I want her to know that I worked for Catholic Charities back when they provided infant placements. The best days there were ones when an adoptive couple came to pick up their baby and take him home. Every staff member cheered as the family walked out the agency’s front  door to their new life. It happened two or three times a year at most; that wasn’t anywhere near often enough.

The most important thing that I want my bright, caring, witty daughter to know is that I can imagine her being part of an adoptive family, lighting up their world the way she’s lit up mine.

What I would never be able to bear is the thought of her not being here at all.

Is there really a War on Women? As we head to the polls in November, should the candidates’ views on Women’s Issues influence our votes?



 



 



 



Mike Hullinger September 02, 2012 at 01:35 PM
Dana, The Constitution in fact forbids socialism. Nowhere in the Constituion is there an enumerated power for the Federal Governement to own the means of production or distribution in Amercain society.
Gaye Tannenbaum September 02, 2012 at 02:46 PM
"There are over 1.2 million abortions performed in the U.S. each year. The number of infants that are given up for adoption? About 140,000." The number that's missing: unmarried women who choose to parent. According to the CDC, in 2009 - Number of live births to unmarried women: 1,693,658. Who is "ready" to parent? According to AmericanAdoptions.com "It will cost approximately $12,000 - $24,000 per year to raise a child. This estimate does not include education and other items that children will require." With figures like that and the median US household income of around $50,000 - it's a wonder that half the country can afford a child much less two or more children. I wonder what would happen if the adoption market was flooded with 1.2 million more babies each year. The price of a baby would certainly go down and prospective adopters would get pickier on what kind of baby they wish to purchase. This is basic economics. You already see that in adoptions from foster care. Despite the hefty price tag associated with domestic infant adoption, there are still far too many older children languishing in foster care. Reason - it's not about finding a home for a child who needs one. It never was.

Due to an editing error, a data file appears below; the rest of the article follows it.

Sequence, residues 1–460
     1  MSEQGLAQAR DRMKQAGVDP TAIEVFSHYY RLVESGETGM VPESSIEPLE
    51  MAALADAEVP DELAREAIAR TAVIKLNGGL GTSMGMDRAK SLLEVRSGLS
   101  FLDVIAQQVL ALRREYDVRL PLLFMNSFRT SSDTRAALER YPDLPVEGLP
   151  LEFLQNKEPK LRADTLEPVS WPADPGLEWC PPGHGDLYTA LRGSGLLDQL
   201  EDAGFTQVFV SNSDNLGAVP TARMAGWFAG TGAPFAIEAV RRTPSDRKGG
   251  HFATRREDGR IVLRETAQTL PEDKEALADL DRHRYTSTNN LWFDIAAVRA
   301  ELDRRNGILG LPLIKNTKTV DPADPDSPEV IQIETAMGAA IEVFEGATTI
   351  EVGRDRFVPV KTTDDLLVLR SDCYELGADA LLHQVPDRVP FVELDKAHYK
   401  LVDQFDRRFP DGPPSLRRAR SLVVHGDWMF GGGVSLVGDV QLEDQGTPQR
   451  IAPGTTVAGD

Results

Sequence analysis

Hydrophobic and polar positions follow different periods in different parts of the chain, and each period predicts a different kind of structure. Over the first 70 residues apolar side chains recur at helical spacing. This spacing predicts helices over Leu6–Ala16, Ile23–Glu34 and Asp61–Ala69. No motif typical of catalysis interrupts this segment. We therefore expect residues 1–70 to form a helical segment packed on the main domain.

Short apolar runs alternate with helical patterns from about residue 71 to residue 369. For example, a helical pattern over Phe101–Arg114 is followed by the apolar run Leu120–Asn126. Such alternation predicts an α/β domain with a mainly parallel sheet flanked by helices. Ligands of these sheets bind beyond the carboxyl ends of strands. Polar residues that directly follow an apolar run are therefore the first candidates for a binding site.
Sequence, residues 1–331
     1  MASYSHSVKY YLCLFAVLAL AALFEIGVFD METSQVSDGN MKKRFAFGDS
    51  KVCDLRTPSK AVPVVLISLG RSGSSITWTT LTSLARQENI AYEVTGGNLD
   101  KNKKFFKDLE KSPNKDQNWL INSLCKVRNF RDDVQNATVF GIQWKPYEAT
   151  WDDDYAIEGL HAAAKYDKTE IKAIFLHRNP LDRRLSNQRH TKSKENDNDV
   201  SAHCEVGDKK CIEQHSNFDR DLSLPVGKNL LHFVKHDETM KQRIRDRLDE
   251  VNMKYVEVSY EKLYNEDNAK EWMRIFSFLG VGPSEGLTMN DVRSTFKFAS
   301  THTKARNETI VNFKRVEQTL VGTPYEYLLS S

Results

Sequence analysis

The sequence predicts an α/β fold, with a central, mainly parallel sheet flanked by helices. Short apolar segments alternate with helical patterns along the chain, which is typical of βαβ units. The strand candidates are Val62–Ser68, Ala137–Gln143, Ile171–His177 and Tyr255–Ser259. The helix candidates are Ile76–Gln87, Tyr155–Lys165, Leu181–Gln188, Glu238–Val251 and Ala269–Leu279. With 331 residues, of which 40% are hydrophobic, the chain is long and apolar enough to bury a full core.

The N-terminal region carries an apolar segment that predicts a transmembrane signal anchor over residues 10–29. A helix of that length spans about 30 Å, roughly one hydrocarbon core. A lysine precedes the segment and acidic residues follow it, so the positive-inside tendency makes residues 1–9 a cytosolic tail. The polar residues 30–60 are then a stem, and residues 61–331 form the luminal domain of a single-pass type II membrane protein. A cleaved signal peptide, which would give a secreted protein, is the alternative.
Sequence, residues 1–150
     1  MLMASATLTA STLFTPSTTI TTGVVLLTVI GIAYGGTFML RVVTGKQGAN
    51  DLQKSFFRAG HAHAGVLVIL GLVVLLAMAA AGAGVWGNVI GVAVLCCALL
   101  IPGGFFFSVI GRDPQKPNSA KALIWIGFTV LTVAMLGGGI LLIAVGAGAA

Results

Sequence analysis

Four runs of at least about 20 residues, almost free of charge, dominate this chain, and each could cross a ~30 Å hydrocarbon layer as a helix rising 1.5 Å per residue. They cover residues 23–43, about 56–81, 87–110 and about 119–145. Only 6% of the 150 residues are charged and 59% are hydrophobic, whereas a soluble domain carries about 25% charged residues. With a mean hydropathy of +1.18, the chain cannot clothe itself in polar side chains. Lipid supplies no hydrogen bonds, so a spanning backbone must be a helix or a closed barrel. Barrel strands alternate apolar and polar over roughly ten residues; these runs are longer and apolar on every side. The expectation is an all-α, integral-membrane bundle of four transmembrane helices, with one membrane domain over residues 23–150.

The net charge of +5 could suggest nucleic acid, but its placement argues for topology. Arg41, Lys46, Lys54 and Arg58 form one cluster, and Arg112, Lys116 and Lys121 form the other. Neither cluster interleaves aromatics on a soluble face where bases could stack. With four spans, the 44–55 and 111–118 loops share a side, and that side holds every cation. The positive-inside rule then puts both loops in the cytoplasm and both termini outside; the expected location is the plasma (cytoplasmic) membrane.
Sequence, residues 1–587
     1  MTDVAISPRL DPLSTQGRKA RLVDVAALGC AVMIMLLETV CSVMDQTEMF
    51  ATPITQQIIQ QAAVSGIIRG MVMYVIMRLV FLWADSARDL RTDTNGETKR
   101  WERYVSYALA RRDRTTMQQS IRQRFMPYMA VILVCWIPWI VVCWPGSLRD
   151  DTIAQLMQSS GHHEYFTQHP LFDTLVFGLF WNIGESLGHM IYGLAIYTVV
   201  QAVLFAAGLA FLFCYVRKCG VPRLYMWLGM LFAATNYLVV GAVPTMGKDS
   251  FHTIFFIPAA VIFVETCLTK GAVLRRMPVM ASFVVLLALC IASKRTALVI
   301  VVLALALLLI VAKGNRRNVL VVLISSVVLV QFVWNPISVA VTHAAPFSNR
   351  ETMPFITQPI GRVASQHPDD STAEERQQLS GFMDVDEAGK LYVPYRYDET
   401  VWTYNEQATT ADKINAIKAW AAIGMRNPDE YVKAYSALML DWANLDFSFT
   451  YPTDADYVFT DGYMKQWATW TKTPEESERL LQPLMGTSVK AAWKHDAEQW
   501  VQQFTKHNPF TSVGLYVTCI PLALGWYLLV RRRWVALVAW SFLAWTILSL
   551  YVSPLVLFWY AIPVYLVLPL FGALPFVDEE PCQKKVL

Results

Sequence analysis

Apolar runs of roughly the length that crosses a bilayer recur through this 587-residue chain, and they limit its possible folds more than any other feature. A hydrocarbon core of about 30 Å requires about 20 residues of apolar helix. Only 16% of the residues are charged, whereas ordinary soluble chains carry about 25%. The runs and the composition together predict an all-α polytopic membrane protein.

S T Hrouda September 03, 2012 at 01:38 AM
While the subject of a woman's right to an abortion is important, it has no place in the discussion about who to vote for in November. Both candidates running for our Senate seat support a woman's right to choose. Both candidates running for President have used the same language on this issue during the 2008 & 2012 election cycles.  If you think that a candidate has a hidden agenda and intends to overturn R vs W then you should know that our Constitution has been written to make this very difficult.  First 2/3 of the members of both houses would have to vote to overturn it. This would mean that 67 of our 100 Senators and 290 of our 435 Congressmen would commit political suicide & vote to overturn R vs. W?...never...they love their jobs. Even if they did, which I can not imagine, the next step to ratify this new amendment to our constitution is even harder.  To get the amendment ratified it would need to go to all 50 States for a vote and 3/4 of our States, 38 of the 50 states, would need to vote in favor of overturning R vs. W. Again this would be political suicide for every politician in state governments. While we spend time discussing this very important but very unlikely scenario our country is paying $50 million in interest every hour to China and other countries. We need answers from our candidates about what steps they will take to start reversing this trend before we have a total financial meltdown like the citizens of Greece are experiencing.
x September 03, 2012 at 01:45 AM
S T, Good points. Some otherwise capable women lose the ability to reason at every election cycle, and agonize over this academic issue. Reverend E. Raleigh Pimperton III
Kathleen Surdan September 06, 2012 at 04:48 PM
Carlynne, Catholic Charities is a private agency, but they were conducting what were essentially public-agency type adoptions. No couples were charged tens of thousands of dollars. The waiting list for an infant placement was 4 years. And the birth mothers came to the agency's door. There was no recruiting or enticing of any type going on. How could there be when the birth parents didn't receive any payment? What they did receive was support and counseling by a very caring social worker named Carol.